So I would expect sterling and the price of government bonds to rise this morning. But with the stamp of Mr Cable on much of the approach to banks and regulation, I think we may see a bit of weakness in banks' share prices.
Update, 08:42: An encouraging sign for the new government is that the rise in the price of government bonds that we saw late yesterday has continued this morning. Nothing dramatic - but it shows that investors have some confidence in the ability of the coalition to make in-roads into the record public-sector deficit.
The gap between the yield on equivalent German and UK government bonds has narrowed, which shows that investors believe the risk of lending to the British government has reduced.
Sterling has lost some of the gains it made against the dollar last night. And share prices have fallen a bit, though nothing too scary.
Update, 10:25: George Osborne and the Treasury will retain formal responsibility for overseeing banks and financial regulation.
However a new ministerial committee will be set up to devise banking policy, which will include Vince Cable as one of its members.
The committee will be chaired by Osborne as chancellor.
It looks as though Cable will be the secretary of state for business.
So what'll happen to Ken Clarke, who did that job in opposition for the Tories?
Update 10:35: BA, Virgin and the airlines may be in for a bit of a shock, because the Lib Dem policy of taxing planes rather than passengers has been adopted, as one of the coalition's green policies.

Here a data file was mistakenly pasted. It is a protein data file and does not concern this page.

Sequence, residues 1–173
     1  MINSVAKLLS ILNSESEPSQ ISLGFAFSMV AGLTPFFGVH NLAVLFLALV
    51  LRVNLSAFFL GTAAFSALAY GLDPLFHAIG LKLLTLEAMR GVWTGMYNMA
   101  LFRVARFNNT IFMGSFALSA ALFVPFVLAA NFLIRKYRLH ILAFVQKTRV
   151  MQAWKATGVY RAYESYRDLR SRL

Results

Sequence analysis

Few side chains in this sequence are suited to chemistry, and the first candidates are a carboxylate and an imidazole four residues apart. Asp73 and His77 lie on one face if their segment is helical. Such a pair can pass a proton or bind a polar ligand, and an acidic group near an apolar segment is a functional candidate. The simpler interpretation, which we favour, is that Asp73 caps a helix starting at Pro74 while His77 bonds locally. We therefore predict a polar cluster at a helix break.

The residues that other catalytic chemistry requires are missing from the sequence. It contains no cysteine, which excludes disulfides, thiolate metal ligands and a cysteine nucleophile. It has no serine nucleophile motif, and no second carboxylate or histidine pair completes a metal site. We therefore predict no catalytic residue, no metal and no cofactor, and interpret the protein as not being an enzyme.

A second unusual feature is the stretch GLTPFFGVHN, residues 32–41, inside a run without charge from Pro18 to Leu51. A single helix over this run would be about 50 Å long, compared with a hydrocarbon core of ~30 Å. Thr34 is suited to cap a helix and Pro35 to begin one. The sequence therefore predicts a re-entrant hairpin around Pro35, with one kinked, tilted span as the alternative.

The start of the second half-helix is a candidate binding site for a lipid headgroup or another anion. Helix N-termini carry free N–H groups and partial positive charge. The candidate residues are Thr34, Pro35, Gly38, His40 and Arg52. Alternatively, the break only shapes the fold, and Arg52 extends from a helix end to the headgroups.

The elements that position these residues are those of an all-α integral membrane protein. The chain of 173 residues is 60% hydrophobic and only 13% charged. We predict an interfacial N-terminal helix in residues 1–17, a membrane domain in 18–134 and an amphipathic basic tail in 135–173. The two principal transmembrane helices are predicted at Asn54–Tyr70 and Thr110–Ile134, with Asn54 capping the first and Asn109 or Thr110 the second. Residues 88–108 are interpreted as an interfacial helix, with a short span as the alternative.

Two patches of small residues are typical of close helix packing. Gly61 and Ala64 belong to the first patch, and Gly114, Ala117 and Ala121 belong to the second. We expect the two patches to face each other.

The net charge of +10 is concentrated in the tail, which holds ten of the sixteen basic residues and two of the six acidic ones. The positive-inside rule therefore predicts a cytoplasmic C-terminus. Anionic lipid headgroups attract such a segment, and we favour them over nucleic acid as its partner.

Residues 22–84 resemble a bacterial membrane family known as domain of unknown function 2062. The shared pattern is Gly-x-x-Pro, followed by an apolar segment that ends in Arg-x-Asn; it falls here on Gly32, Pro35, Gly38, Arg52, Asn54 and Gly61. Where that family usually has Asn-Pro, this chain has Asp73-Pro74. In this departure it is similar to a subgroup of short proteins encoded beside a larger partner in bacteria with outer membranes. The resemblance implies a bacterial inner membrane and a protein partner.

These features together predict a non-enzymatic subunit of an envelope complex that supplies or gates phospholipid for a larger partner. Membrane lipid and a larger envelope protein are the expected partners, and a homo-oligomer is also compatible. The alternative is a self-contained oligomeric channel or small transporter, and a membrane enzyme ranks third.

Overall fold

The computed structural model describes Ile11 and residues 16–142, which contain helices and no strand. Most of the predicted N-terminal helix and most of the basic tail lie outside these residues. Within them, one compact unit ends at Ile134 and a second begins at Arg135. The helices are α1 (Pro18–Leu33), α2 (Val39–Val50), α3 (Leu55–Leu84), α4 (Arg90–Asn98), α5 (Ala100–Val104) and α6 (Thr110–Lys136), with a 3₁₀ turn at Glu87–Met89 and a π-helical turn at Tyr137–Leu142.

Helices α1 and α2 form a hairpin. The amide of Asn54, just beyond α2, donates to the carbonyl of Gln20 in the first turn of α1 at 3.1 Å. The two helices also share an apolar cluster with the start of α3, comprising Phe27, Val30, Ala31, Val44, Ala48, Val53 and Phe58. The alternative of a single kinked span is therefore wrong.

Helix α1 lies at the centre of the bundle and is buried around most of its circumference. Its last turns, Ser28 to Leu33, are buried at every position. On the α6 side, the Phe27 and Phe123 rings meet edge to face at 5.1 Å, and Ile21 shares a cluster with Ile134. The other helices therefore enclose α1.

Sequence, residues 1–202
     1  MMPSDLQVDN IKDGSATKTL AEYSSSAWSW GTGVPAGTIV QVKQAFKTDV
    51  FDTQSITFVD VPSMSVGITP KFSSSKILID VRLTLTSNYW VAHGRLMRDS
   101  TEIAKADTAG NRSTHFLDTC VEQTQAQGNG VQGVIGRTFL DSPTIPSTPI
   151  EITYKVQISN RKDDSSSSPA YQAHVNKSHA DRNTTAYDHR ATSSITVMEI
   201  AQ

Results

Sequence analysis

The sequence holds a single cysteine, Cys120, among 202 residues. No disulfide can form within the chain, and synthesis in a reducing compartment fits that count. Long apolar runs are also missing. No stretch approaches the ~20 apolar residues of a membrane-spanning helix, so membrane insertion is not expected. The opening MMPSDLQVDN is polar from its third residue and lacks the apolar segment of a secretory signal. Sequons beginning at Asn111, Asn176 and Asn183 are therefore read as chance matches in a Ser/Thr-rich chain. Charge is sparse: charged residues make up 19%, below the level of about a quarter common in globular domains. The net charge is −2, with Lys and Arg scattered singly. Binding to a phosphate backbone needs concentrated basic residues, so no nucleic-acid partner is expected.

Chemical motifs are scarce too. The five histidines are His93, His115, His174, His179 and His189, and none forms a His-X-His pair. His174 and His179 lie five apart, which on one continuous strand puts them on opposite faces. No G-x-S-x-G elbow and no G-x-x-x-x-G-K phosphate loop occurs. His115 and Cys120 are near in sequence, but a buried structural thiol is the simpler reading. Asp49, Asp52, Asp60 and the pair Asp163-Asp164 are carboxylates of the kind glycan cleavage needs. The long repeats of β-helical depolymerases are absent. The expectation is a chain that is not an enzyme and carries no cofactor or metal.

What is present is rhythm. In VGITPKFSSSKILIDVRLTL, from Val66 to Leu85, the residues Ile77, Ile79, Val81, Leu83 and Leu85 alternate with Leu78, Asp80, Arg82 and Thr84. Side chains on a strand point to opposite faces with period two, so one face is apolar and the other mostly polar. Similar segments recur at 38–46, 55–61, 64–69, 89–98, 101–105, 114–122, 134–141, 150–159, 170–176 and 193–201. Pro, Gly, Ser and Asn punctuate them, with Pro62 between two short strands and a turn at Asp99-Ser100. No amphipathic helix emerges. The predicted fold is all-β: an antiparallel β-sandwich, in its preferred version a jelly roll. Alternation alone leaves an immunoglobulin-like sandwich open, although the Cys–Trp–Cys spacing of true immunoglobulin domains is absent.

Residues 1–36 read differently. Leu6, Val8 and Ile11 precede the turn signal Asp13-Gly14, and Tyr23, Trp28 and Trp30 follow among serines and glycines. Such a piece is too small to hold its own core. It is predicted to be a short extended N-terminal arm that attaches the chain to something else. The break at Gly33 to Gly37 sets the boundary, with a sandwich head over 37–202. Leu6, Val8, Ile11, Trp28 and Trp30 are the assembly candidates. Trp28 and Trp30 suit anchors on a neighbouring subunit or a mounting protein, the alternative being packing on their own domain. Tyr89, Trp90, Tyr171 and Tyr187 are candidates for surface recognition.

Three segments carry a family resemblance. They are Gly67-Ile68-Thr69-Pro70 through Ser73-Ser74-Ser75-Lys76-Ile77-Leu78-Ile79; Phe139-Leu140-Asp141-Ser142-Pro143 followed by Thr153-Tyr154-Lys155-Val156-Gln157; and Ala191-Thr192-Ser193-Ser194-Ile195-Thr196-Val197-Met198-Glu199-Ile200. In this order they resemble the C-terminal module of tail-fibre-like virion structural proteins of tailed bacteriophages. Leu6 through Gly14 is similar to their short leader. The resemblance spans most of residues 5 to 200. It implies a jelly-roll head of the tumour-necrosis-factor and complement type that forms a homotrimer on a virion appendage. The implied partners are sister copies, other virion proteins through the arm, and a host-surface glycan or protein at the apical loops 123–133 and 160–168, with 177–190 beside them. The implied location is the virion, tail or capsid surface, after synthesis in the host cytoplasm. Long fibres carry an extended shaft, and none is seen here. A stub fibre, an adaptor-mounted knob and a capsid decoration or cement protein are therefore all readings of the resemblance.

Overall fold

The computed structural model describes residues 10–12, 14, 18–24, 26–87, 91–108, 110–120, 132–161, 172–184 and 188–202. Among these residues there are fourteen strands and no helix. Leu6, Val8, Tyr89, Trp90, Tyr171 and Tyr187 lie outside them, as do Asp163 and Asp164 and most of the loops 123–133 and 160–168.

As I've mentioned, the Lib Dems have agreed to the Tory proposal for an accelerated programme to cut the so-called structural deficit in the public finances, with a £6bn down payment this year.
However the Lib Dems won a concession that part of that £6bn will be deployed for job creation.
A commitment to a new tax or levy on banks is part of their joint programme.
And a significant move towards a £10,000 income tax allowance will be made in the first Budget, due in 50 days.
Update 10:55: One of the most difficult areas of negotiation between the Lib Dems and the Tories was on nuclear power, where the Lib Dems take the view that new nuclear power should not receive a public subsidy of any sort and where they believe that there may be more efficient green generating alternatives for meeting CO2 reduction targets.
In the end, as I understand, nuclear power is one of those areas where the two have agreed to disagree. Which creates considerable uncertainty for the two big companies, EDF and Centrica, that are hoping to role out a series of enormous new nuclear stations.
And they may be alarmed that the person who'll be in charge of whether the new nuclear plant is built, as secretary of state for the environment, will be a leading Lib Dem, Chris Huhne.
Update, 16:53: I understand a leading business figure is likely to be made a peer in order to join the government, in the kind of role that was occupied by the former chairman of Standard Chartered, Mervyn Davies - with on foot in the Business Department and another in the Cabinet Office.
The obvious candidate is Simon Wolfson, chief executive of Next and close chum of Osborne and Cameron. But he's told pals and investors he has no intention of giving up the day job.